Monday, August 01, 2005

[interview] A Brief Q&A with John Kotter

Leadership: Facing Your Fears… and the Internet

Link&Learn: What is necessary for true leadership?

John Kotter: One, leaders must understand that leadership is not just a job of the person above them in hierarchy. Two, they need to understand what leadership means in their position. Three, they need to draw on their own self-confidence to actually lead. And four, they need to constantly learn from their own experiences what works and what doesn't, and grow as leaders. You can have people in executive positions who know nothing about leadership and do not behave as leaders. Certainly, people in executive positions who do not listen to people below them in the hierarchy-the ones who are closely connected to customers-are increasingly getting themselves into trouble. Good leaders listen very carefully to everything that's happening around them. They never lock themselves in their offices, where they're removed from people and where they just rely on reports and small meetings to know what the heck is going on.

L&L: Tell me more about the characteristics that are necessary for true leadership.

JK: The most common sort of leadership that you see today that is useful are people who challenge the status quo, vacuum up information from all directions, establish-by themselves or with others-a sense of direction, vision, for their little piece of the action, and then create some strategies for making the vision a reality. They communicate that strategy relentlessly to the relevant people around them, both with words and, maybe more importantly, with deeds. They make sure that enough people understand the vision, but more importantly, that they buy into it. Then they do whatever possible to create conditions that will motivate folks to act on that vision. That can be a long list of things, from helping people see the connection between their own aspirations and the vision, to getting rid of things that block action in the organization, etc. That is the most common form of very good leadership that you see today.

L&L: What are the first steps leaders can take to overcome their own natural fears so that they can then create the conditions that encourage the people they're leading to do the same?

JK: That's an excellent question. Let's see. In a funny way, what gets in our way is what Roosevelt said, in the early 1930s: "The only said we really have to fear is fear itself." What that means is, what really scares us is the fear. We fear the fear. And I think, once you get that insight, it helps a lot. A second thought is: I think the more that you get in touch with your own hopes and dreams and ideals, the more that you see the difference or the gap between your dreams and the current reality, the more you're propelled, regardless of fear, to do something.

L&L: That's a tough leap.

JK: Yes. But the bigger the gap, the more people want to do something. It's uncomfortable, not to do something about it. I think a third way you deal with your fears is by testing them against reality. That is to say, looking around, in your own history and others, to see how realistic they really are, and how much you're just conjuring them up, based on a few cases that were very difficult, versus what's rational. And a fourth is, the more that you can see how letting fears run your life does not lead to the life you want, the more you're able to face them and do something about them.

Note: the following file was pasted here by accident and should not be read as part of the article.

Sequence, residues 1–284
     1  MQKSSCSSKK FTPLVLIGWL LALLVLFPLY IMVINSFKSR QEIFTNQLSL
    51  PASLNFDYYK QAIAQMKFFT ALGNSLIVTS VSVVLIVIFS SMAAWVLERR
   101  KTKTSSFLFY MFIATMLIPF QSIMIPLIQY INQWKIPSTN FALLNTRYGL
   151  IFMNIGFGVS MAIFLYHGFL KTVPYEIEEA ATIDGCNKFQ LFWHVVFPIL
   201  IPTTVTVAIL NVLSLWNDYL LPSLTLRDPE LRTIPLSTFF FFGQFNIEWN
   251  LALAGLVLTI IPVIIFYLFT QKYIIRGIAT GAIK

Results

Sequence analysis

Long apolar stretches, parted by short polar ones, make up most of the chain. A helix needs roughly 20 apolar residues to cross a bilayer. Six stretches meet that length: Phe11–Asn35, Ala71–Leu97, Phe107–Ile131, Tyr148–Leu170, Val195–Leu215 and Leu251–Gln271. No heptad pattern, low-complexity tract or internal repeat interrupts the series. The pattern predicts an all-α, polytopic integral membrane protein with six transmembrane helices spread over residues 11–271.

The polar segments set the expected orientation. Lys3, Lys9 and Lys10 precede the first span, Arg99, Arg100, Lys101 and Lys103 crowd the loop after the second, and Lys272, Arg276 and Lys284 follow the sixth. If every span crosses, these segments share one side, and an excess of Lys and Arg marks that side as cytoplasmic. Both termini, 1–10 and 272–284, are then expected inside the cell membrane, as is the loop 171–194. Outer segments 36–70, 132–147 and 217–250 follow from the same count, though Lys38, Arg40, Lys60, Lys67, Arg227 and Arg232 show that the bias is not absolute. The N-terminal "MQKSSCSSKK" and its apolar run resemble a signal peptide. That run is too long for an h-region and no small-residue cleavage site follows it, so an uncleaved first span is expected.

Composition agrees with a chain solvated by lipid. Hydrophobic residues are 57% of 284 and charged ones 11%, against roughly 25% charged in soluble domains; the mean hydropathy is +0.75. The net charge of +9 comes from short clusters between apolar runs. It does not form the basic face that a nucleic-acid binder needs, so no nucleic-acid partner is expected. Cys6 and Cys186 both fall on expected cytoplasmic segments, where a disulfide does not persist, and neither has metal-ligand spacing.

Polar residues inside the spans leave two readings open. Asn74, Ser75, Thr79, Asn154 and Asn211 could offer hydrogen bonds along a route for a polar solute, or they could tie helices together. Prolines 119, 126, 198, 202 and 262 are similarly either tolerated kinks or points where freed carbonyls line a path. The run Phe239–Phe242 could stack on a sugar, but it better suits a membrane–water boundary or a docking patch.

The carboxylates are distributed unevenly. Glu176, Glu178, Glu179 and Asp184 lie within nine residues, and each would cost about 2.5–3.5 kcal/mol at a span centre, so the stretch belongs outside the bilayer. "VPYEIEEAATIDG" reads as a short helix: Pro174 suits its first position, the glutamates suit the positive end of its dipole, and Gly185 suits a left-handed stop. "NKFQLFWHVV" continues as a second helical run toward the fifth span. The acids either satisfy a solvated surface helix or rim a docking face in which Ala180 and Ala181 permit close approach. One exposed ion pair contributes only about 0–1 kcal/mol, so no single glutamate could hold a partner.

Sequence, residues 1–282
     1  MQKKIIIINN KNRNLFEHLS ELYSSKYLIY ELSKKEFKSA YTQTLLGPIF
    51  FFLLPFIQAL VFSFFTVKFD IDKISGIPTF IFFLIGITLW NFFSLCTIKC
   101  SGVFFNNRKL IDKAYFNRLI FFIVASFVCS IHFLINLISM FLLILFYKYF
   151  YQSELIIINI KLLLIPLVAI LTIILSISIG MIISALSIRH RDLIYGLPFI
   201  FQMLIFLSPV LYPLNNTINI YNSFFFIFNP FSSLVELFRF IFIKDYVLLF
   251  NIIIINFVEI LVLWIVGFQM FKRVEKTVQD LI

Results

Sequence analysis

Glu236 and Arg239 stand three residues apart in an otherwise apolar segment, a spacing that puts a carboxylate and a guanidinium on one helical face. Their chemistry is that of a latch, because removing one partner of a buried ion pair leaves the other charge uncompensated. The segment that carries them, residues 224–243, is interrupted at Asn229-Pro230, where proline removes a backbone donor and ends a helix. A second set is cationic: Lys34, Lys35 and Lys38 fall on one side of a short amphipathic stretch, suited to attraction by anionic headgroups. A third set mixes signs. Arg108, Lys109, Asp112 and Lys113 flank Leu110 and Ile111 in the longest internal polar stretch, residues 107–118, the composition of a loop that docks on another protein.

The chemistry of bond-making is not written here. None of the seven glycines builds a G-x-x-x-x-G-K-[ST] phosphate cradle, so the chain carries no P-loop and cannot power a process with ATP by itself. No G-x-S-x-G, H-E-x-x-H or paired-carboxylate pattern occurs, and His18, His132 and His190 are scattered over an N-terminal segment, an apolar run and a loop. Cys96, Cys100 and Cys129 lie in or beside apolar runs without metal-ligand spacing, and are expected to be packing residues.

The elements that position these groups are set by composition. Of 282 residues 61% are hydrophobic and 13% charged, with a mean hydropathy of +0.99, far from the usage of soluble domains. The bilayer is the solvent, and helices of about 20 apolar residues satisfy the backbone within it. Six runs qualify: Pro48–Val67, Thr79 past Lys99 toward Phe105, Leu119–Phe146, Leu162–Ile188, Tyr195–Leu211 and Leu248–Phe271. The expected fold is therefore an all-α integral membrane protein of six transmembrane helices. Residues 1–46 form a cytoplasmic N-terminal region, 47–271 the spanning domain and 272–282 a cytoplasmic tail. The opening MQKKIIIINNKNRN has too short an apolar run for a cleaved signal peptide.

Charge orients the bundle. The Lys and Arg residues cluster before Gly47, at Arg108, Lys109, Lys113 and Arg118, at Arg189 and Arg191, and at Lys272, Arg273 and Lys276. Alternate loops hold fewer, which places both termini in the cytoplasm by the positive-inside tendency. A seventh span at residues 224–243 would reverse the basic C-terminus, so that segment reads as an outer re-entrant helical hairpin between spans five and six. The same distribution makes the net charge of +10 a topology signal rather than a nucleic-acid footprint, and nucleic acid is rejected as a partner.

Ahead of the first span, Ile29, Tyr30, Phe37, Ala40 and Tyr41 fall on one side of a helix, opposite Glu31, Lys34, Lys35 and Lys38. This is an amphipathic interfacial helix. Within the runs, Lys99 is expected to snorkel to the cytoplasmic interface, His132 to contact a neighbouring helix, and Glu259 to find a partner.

L&L: Has there been a time in your life that you've had to overcome a fear in order to get to where you wanted to go?

JK: Oh, yeah! Not only one time. Good heavens! At one point, I had an extraordinarily difficult boss, who could literally drive you into tears. And it was easy to convince yourself to allow the fear that naturally arose to, if not paralyze you, certainly greatly restrict what you did, and the risks you were willing to take. And I think coming to grips with that was not an easy one.

L&L: Were you able to face your fear?

JK: I decided life was too short to hide in the corner and worry about this guy. And I also decided that I was right, and he wasn't.

L&L: Did you tell him that?

JK: Did I ever tell him that? I may not have. I may have just done what was right. I don't think he would ever admit that he intimidated in a bad way, but he respects me now.

L&L: The arrival of the Internet has greatly accelerated what was an already accelerated rate of change. How can leaders keep up with the change?

JK: Well, you've got to rely increasingly on people other than yourself, and the challenge then is to help everybody collectively move fast enough--and if the organization is larger-- be maneuverable enough. If the organization has more than about 100 employees, much less 50,000, getting the speed and maneuverability is tough. And I think the most fundamental challenge is unleashing the energy potential in enough people to create the power, if you will, to make organizations leap and dodge. We've said for years that the average company gets about 10 to 20% out of its people. Well, that's fine, if you've got 50% of the market and things are moving at 20 miles an hour. It's no good when competition increases, the barriers to entry are smaller, and you're trying to move at 150 miles an hour. Drawing that out of people--or maybe a better way to say it is, helping them to draw it out of themselves--and using that to help organizations leap and maneuver, I think is going to be the critical leadership challenge.